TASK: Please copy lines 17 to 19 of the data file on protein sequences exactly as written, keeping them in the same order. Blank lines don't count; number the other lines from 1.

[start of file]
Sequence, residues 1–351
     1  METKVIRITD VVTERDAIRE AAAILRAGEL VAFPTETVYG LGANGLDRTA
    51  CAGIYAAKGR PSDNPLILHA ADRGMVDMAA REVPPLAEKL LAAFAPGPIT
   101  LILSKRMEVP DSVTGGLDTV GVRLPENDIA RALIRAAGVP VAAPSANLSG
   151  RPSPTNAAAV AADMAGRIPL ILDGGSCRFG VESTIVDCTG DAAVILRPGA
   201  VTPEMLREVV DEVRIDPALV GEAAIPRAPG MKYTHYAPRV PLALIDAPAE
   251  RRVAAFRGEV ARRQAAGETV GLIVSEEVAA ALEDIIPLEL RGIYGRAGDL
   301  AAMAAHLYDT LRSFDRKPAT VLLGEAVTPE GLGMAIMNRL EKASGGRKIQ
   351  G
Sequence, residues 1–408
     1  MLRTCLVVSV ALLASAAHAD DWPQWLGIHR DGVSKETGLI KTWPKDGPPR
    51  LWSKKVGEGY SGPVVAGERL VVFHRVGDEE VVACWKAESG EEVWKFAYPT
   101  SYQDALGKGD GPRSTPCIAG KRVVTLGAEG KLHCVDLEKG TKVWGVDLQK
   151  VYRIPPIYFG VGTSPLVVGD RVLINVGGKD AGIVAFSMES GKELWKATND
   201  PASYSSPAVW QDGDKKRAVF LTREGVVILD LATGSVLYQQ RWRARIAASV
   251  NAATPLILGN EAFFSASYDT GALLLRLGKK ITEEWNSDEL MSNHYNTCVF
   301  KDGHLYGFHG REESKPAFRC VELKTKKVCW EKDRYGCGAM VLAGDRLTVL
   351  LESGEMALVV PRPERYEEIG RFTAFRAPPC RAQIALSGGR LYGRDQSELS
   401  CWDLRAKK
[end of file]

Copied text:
   301  KDGHLYGFHG REESKPAFRC VELKTKKVCW EKDRYGCGAM VLAGDRLTVL
   351  LESGEMALVV PRPERYEEIG RFTAFRAPPC RAQIALSGGR LYGRDQSELS
   401  CWDLRAKK